Putting Your Plans into Practice
In our last blog we discussed the four basic plans your organisation should have in place for best-practice crisis management.
This week, we look at a few examples of how these plans might look in a real incident.
There’s been a small flood in the office. Water has flooded many workstation areas, staff have had to evacuate, and you’ve been advised that it will be a few weeks to repair the damage. In the meantime, the workstations cannot be occupied.
Which plans come into play here?
The Emergency Plan and Team would have been deployed as you evacuated the building – there would have been possible danger with building damage and power outages.
However, the event was not major, so the Critical Incident Management Team was not required.
The Business Continuity Team had to refer to the BCP to determine where the staff would be located until the repairs were completed. The ICP was also referenced as there were a number of stakeholders that needed to be notified that office arrangements had changed.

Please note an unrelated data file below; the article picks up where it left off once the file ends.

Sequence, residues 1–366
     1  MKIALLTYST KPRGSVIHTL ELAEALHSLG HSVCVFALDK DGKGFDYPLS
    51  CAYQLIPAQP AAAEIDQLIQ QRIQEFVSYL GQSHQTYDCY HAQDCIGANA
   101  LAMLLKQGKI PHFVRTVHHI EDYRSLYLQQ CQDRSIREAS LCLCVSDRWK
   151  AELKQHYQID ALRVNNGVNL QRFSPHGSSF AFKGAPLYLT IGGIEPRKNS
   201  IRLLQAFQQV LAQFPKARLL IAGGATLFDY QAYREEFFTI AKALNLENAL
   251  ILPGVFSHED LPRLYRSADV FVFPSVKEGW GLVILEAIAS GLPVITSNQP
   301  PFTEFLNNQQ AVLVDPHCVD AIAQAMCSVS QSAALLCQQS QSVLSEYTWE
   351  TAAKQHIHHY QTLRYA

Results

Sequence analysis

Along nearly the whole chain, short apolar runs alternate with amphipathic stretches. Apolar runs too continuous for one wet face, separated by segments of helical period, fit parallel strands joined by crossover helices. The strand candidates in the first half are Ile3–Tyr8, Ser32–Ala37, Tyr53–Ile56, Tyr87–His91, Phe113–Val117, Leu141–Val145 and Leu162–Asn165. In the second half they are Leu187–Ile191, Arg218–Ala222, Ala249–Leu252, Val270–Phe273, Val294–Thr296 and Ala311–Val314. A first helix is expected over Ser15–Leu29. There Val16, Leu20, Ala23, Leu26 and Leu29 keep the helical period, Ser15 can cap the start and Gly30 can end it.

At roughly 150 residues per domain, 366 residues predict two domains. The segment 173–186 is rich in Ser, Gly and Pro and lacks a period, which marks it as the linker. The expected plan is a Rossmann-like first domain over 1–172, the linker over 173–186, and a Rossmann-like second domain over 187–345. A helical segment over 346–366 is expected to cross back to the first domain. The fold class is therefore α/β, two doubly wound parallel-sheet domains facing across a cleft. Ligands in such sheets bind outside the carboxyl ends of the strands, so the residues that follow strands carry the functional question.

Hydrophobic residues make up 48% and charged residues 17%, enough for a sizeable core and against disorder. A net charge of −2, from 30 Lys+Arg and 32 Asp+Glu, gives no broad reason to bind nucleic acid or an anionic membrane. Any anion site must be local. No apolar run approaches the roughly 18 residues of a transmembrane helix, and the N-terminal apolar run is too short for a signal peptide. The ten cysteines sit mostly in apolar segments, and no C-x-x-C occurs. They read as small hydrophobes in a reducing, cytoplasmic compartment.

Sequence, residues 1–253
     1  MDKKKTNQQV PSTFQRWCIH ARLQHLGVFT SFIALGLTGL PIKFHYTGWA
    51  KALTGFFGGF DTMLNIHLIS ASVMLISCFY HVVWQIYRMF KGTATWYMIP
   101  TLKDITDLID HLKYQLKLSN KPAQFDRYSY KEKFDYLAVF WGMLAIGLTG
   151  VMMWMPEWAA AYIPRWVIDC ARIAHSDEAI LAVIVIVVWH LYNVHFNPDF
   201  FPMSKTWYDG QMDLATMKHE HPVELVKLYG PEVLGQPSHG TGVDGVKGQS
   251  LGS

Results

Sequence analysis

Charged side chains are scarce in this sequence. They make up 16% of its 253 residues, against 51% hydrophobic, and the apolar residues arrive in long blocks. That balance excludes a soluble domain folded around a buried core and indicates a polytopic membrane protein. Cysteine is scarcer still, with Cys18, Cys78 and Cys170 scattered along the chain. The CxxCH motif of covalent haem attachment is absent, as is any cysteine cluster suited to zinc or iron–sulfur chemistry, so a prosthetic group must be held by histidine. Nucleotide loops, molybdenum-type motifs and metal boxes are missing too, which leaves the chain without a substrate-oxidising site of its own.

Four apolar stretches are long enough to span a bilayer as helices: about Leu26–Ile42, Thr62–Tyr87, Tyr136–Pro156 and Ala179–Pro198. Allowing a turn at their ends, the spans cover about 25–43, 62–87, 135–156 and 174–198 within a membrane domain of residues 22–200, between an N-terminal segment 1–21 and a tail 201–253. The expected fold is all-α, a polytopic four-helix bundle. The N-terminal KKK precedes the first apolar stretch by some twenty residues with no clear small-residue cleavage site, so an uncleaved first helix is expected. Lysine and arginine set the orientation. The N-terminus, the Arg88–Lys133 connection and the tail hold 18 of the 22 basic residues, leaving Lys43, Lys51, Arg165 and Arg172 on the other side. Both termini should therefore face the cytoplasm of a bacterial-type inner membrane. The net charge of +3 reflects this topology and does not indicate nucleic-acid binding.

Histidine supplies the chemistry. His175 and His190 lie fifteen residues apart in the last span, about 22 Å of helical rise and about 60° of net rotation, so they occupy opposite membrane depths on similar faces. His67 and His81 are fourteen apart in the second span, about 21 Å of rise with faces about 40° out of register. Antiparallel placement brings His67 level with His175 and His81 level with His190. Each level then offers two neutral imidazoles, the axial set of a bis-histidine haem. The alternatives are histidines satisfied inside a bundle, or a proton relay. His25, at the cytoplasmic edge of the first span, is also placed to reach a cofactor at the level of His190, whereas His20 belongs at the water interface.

There have been allegations of serious staff misconduct (e.g., theft, sex assault, corruption). The company keeps operating; however, the Critical Incident Management Team has been activated as there is now an investigation. Shareholders and suppliers are concerned, and there may be a possible ASX notification, staff briefings etc.
In this case, no Emergency Plan or BCP is required, but the CIMP and ICP are activated.
There has been a major cyber-attack that has shut down your online systems, causing significant impact to the business. Staff are unable to do most of their core work functions and you cannot continue to deliver your normal services/production.
In this scenario, all plans and teams would be activated.
As you can see, creating four plans that address clear, separate levels of response makes sense, and it works.
The scale and detail of each plan and team is dependent on the size of the company. Having clear boundaries makes it easier for staff and stakeholders to follow, and facilitating training and testing can be directly relevant to the team.
We hope this explanation assists in understanding the four plans and teams required to place your company in the best position should an incident (no matter what severity) occur.
In the meantime, if you would like to know more about emergency, business continuity or crisis plans, please contact us at firstname.lastname@example.org or call Allan Briggs on 0417 160 120.